KS: Workplace shooting at another ''No-guns allowed'' business

Not only is concealed carrry illegal in Kansas, but this business had "No-Guns" signs posted on its doors, just as it does on its facilities here in Ohio. More multiple-victom public shootings occur where guns are prohibited.

July 2, 2004

Five People Killed in Shooting at Plant

KANSAS CITY, Kan. (AP) -- A gunman killed four employees of a meatpacking plant and wounded three others Friday afternoon, and was later found among the dead, police said.

Deputy police chief Col. Sam Breshears, who had earlier corrected initial reports from police that placed the number of dead as high as seven, raised the total to five shortly after 8 p.m.

Police released little information about the dead Friday night. Breshears said they included two 45-year-old males, a 21-year-old male, and two males who remained unidentified.

Breshears, who had refused to initially speculate on a motive, said initial statements from witnesses indicated the shooter was a disgruntled employee.

"We're putting this thing together," Breshears said. "It is a slow, meticulous process."

Police in Kansas City, Kan., received a call reporting the shooting 5:19 p.m. A police dispatcher said an employee of the ConAgra Foods Inc. plant walked into the cafeteria and began firing. Breshears said when officers arrived the shooter was still moving through the building. He refused to answer most questions about what happened during the shooting and would not confirm the attack took place in the plant's cafeteria.

Plant employee Andre Porter, 38, of Atchison, said he was in the men's locker room when the gunman started shooting. He said the attack, which lasted about 10 minutes, happened during the plant's 5 p.m. shift break.

Porter told The Associated Press he saw the gunman tell some people in the cafeteria, "You haven't done anything to me, so you can go."

Three men wounded during the shooting were being treated at The University of Kansas Hospital, said spokesman Bob Hallinan. A 55-year-old male was in critical condition late Friday night, while two others were in serious condition. Breshears gave the ages of those two men as 44 and 60.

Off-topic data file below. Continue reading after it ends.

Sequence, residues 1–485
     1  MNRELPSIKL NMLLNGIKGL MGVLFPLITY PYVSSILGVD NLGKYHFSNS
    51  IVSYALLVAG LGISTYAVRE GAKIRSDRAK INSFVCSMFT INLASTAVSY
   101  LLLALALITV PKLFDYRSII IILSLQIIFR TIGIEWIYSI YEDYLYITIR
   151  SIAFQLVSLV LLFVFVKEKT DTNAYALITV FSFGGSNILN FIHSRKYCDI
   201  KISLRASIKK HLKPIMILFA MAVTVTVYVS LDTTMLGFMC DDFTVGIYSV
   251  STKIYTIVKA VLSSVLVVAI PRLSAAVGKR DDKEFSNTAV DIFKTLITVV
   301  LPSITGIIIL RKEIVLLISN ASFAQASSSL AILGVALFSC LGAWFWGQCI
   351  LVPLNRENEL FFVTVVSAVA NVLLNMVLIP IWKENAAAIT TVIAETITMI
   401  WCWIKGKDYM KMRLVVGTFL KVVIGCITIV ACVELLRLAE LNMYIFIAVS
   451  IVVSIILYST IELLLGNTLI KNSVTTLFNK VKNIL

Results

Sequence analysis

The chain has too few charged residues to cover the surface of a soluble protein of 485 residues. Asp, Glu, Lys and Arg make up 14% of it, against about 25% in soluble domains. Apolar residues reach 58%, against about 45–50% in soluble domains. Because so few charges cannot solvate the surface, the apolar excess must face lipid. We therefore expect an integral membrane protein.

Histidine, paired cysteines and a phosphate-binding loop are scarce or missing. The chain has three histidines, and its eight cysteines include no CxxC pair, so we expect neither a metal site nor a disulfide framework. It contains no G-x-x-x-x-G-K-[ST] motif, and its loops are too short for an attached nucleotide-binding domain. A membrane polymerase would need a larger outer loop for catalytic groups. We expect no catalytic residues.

Police initially held many employees inside the plant as they began their investigation, leaving their family and friends wondering about their condition. While a few made contact with loved ones via cell phone, those gathered outside the plant initially struggled to deal with the lack of information.

"Everybody out here is trying to find out if their loved one is a victim or a survivor," said Robert Thompson, whose wife was inside when the shooting took place. Thompson later learned his wife was OK.

Workers held inside by police started to leave shortly after 9 p.m., while family members were taken to a community center several blocks away.

The shooting came a year and a day after an employee of a manufacturing plant in Jefferson City, Mo., shot eight people, three fatally, before killing himself in front of the city's police headquarters.

The ConAgra plant is in an industrial section of the city, near an intersection of interstates 70 and 635 that overlooks the Kansas River, about four miles southwest of downtown Kansas City, Mo.

Bob McKeon, a spokesman for ConAgra at its corporate headquarters in Omaha, Neb., said the company is working with police in the investigation.

"Our heartfelt sympathies go out to the families of the employees who have been involved in this tragedy," McKeon said.

The nation's second-largest food company, ConAgra has sold its red meat and chicken processing companies and is concentrating on distribution and sales of its packaged foods, including brands such as Banquet, Blue Bonnet, Chef Boyardee and La Choy.

The Kansas City facility is a refrigerated meat plant. Workers there process and slice meat for deli and sandwich products, McKeon said.

A posted sign on the property indicated that no guns were allowed at the plant. (emphasis added)

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